“Offers a wide-ranging account of what used to be called the scientific revolution—a term that historians of science now tend to use at arm’s length, wrapping it in quotation marks, for fear of sounding simplistic (or, even worse, triumphalist). Almost everyone of importance between Copernicus and Newton is discussed here, and a great deal of information is imparted in a user-friendly and thought-provoking way.”
“A wonderfully nuanced and wise study of the scientific revolution. . . . Philip Ball shows that there wasn’t just one kind of science in the 17th century: Bacon, Galileo, Boyle and Newton were all doing different things, appropriate to their respective disciplines.”
“To explain the shift that transformed curiosity from a dangerous temptation to a praiseworthy motivation, Ball revisits the intellectually restless lives of great scientists across the centuries, including Copernicus, Kepler, Galileo, and Newton. But readers soon learn that the work of investing curiosity with a new and positive value also involved astrologers, magicians, courtiers, and mystics. . . . As the story of how a strange coalition of revolutionaries defied traditional restraints on the hunger for new knowledge, Ball’s history of curiosity tells readers much about the dangerous adventure of being a modern human.”
Booklist, starred review
"Philip Ball possesses the gift of making complicated topics compelling and understandable. A substantial work in the history of science, this engaging title should appeal to serious readers, both academic and armchair.”
“When we think of curiosity as a motivator for research, quirky or otherwise, we’re assuming a modern definition for the term, something along the lines of ’a desire to know or learn.’ And one of the first things we discover in Philip Ball’s engaging, meticulously detailed and abundantly entertaining history Curiosity: How Science Became Interested in Everything is that the word has had many connotations through the ages. . . . This book [is] a joyful feast for the curious among us.”
Washington Independent Review of Books
“An entertaining and thorough narrative. . . . I highly recommend Curiosity for anyone interested in science.”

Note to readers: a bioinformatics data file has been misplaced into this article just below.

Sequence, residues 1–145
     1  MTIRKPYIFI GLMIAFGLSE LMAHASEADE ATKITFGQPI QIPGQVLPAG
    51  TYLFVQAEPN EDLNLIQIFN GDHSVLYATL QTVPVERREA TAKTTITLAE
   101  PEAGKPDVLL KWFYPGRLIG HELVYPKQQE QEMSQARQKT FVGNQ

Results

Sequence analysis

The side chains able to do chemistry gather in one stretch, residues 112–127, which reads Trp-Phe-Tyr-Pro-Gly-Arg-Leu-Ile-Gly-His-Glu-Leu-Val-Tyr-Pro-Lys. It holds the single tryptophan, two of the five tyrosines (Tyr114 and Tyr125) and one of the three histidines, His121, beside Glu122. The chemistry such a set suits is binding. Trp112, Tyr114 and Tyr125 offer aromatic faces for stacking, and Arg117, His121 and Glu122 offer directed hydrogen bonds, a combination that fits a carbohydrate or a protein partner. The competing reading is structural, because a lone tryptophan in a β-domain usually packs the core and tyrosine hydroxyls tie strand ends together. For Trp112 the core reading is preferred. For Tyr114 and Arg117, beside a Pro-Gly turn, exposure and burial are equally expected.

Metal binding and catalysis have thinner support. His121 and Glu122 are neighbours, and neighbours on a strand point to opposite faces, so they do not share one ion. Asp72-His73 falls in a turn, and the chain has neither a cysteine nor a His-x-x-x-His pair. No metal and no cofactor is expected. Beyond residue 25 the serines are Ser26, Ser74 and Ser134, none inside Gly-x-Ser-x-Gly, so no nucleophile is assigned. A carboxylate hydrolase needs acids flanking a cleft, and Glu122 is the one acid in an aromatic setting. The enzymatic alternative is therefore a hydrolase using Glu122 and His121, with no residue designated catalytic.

“In Curiosity: How Science Became Interested in Everything, the science writer Ball, a former editor at Nature, reveals how curiosity, combined with wonder, has driven the scientific enterprise since the seventeenth century, and how the ever-transmuting nature of curiosity shifted the practice of science to the highly specialized and impersonal activity that it is perceived as today. Ball traces the intellectual history of curiosity, from the Renaissance cabinets of curiosity to the Large Hadron Collider at CERN that harks back to a view of nature as holding secrets that must be teased out with experimental apparatuses. He shows how curiosity went from being seen as a vice in medieval Catholic Europe, to a shallow form of inquisitiveness that inspired learned societies like the London philosophical club, and then, in the latter half of the sixteenth century, got recast as a virtue. Changes in the notion of curiosity from vice to virtue, he argues, have gone hand in hand with the development of empirical methods in science.”
New York Review of Books
“The book is well-documented and exciting, driving the reader to unexpected vistas. His clever approach to complex scientific concepts is hypnotizing, directing our intellectual selves to fresh ideas and new horizons. This book must be read and appreciated.”
San Francisco Book Review